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Months After Shifting to No-Cash Policy on Buses, Israel Launches Tourist Travel Card

Called “Israel Pass” the chargeable card is currently being sold exclusively at Tel Aviv’s Ben Gurion International Airport, the country’s main entrance portal

Tofi Stoler 14:1226.03.19
Three months after Israeli public transportation eliminated cash payments for rides, shifting to a personal chargeable card system, the country’s ministry of transportation has come up with an alternative payment system to accommodate tourists and other non-permanent residents. On Sunday, the ministry announced the launch of “Israel Pass,” a chargeable transportation card, currently being sold exclusively at Tel Aviv’s Ben Gurion International Airport, the country’s main entrance portal.

 

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In Israel, the process of issuing a chargeable public transportation card is relatively cumbersome and can only be done at designated card issuance stations, normally available at large train or bus stations, which are located away from city centers. Issuing the card is free, so long as the user is willing to submit personal details and documents and to have their picture taken, a process that most tourists tend to avoid, especially for a short visit.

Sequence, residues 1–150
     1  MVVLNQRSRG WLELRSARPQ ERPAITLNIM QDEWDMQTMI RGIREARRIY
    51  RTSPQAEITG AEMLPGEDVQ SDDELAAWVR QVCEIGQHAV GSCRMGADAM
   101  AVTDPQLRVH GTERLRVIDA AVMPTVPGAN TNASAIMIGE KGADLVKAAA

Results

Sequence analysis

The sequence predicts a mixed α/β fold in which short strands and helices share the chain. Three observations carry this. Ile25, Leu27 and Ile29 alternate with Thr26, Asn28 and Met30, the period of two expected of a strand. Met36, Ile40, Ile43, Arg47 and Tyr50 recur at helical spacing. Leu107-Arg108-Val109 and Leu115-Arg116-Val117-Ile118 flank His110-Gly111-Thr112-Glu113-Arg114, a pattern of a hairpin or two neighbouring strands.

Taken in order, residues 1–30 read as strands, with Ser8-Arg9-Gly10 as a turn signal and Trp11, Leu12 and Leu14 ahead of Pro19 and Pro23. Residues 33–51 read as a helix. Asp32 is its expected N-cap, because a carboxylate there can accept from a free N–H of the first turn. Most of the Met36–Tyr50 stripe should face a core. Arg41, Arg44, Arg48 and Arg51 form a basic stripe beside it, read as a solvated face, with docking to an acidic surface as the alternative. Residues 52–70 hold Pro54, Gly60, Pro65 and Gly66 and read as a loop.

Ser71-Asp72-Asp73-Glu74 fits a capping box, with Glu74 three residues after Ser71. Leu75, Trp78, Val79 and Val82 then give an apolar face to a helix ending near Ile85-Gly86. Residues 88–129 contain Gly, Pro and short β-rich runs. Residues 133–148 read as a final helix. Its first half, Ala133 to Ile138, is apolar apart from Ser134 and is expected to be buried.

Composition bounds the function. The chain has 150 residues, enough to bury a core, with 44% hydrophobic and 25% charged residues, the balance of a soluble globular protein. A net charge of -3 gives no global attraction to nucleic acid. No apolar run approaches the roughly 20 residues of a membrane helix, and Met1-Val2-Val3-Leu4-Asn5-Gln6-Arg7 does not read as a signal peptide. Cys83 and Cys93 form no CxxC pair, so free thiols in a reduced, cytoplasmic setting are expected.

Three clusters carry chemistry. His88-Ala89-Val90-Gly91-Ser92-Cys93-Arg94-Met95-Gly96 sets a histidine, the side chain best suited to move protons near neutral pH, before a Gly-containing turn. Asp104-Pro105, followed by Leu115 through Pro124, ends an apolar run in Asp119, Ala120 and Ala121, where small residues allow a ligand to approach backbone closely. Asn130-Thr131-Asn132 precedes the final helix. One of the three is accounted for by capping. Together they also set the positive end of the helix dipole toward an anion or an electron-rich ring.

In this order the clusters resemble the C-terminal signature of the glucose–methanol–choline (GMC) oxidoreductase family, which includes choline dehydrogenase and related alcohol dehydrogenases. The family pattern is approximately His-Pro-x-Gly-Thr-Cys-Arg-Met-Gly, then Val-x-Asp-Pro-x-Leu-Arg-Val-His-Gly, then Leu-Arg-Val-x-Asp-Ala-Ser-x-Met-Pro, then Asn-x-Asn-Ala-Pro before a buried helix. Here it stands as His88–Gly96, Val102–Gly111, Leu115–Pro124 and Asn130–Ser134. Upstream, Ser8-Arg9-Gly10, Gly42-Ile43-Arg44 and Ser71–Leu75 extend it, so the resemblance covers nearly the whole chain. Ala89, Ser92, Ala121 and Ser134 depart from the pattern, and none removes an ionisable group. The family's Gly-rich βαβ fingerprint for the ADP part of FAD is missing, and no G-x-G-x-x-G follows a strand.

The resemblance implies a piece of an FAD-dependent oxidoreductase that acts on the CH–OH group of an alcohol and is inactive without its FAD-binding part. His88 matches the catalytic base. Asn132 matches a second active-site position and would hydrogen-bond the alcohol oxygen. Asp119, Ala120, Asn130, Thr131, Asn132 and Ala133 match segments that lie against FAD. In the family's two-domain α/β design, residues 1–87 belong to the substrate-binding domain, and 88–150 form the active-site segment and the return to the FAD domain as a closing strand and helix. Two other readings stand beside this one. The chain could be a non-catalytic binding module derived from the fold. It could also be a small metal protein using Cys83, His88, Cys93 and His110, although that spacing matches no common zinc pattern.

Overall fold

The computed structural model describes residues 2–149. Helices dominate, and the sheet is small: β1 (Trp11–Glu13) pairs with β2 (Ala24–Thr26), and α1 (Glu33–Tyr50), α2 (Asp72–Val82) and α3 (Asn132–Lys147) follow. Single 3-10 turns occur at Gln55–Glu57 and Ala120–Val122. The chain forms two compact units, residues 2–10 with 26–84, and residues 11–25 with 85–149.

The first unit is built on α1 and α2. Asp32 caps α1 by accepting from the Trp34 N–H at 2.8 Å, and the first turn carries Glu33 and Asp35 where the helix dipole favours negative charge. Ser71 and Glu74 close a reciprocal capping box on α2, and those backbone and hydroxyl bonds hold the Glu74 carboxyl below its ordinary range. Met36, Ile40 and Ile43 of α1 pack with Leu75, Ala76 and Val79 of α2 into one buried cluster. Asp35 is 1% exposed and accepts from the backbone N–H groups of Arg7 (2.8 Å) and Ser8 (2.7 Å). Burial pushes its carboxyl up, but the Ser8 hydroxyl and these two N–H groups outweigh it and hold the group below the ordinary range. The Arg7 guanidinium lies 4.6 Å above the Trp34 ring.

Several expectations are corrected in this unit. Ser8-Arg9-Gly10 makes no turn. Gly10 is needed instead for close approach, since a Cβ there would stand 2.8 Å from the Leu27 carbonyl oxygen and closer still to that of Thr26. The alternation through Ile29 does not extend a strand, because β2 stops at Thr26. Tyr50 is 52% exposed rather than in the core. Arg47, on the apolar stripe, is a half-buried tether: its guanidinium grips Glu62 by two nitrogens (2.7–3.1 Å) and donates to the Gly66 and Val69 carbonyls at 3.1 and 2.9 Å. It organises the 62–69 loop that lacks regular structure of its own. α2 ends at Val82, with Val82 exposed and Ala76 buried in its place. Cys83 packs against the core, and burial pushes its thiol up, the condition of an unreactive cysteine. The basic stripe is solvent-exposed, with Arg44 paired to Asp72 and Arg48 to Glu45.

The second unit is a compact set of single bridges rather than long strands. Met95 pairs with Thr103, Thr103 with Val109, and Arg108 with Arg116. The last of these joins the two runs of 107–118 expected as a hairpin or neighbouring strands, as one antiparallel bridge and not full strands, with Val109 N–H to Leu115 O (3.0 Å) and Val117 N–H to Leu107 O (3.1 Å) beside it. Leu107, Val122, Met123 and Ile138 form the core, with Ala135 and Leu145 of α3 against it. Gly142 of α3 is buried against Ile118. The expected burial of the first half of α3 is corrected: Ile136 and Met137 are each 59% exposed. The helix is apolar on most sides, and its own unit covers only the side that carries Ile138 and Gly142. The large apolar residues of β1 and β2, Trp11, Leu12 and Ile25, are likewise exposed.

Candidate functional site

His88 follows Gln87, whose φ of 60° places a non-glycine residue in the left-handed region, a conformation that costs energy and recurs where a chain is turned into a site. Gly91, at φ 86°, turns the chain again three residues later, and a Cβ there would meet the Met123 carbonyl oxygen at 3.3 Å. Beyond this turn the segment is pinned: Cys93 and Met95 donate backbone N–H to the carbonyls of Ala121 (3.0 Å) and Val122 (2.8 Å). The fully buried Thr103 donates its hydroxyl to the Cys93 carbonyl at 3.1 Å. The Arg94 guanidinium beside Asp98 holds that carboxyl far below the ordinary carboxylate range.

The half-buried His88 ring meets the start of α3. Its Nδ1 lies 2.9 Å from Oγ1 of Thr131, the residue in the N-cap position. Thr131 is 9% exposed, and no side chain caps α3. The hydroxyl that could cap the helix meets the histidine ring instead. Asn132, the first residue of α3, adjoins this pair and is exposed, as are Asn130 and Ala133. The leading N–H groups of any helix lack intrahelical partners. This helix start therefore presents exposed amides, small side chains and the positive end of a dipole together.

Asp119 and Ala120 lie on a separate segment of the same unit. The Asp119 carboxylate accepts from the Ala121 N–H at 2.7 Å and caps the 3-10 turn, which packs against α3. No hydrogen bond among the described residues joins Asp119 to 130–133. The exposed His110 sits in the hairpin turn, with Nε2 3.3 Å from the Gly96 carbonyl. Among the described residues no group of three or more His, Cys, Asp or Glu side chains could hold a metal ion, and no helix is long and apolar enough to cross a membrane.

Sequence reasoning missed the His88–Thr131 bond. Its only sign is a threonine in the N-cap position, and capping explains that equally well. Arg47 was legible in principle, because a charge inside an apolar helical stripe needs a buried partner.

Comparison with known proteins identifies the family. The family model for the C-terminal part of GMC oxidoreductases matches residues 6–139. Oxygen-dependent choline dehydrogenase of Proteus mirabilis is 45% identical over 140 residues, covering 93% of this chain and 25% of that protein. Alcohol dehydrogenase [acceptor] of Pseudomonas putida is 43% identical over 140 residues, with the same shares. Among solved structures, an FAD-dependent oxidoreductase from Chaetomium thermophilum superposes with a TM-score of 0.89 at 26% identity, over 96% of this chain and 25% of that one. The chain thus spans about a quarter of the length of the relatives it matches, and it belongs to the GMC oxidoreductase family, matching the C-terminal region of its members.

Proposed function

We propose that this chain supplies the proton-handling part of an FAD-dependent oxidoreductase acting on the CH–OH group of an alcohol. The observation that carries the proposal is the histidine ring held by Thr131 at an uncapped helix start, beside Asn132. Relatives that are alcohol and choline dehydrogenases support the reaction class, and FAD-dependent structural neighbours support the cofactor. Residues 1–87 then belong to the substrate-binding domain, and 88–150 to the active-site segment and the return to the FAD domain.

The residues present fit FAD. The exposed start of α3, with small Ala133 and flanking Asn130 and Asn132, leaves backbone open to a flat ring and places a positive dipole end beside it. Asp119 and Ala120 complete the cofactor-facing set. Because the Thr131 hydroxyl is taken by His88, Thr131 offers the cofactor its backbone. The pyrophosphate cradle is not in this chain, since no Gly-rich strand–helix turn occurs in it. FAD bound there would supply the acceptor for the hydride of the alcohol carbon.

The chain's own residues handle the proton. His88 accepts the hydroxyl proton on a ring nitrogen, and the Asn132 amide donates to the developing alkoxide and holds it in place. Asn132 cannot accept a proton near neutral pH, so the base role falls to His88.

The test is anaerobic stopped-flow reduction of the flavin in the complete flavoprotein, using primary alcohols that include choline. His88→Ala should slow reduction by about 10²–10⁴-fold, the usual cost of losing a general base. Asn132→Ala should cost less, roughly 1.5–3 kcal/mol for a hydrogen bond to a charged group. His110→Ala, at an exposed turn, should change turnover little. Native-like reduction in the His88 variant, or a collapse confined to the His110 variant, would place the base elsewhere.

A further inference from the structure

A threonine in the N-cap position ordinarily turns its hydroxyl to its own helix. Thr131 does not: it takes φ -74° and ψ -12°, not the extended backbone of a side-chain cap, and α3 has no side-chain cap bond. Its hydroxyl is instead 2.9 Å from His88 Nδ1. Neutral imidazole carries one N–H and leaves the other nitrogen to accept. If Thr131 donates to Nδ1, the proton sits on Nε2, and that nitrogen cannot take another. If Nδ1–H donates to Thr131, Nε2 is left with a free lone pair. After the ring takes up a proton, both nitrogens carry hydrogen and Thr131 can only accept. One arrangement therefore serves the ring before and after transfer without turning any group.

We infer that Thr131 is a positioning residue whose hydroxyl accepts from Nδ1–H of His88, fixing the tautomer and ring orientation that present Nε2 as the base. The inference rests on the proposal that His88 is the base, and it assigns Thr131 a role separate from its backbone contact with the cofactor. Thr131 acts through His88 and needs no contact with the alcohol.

Tourists at Masada National Park in southern Israel. Photo: Eran Yoran Tourists at Masada National Park in southern Israel. Photo: Eran Yoran

 

An anonymous card is available for purchase directly from bus drivers for a small fee of NIS 10.9 (approximately $3) but it comes pre-charged with a single ride’s worth, meaning tourists must find a charging station before they can ride the bus again. Though many charging stations are available across cities in kiosks and ATMs, they are generally only marked in Hebrew, making them hard for tourists to find.

 

 

Tourists will have to pay more for their anonymous cards in exchange for convenience—the “Israel Pass” alone, not including any plans or cash charged, costs between NIS 83 (approximately $23) and NIS 115 (approximately $32). In accordance with its price, the “Israel Pass” also offers free entrance to three or six national parks, chosen from a list of 70 natural and archeological sites that includes Massada, Eilat’s coral beach, and Caesarea. Full price for entrance to Israel’s national parks typically ranges from NIS 15 to NIS 39 (approximately $4-$11).

 

Tourists will be able to pre-charge their “Israel Pass” with cash—receiving the same 20% discount when charging a sum of at least NIS 30 (approximately $8) offered to locals—or with daily and weekly plans.
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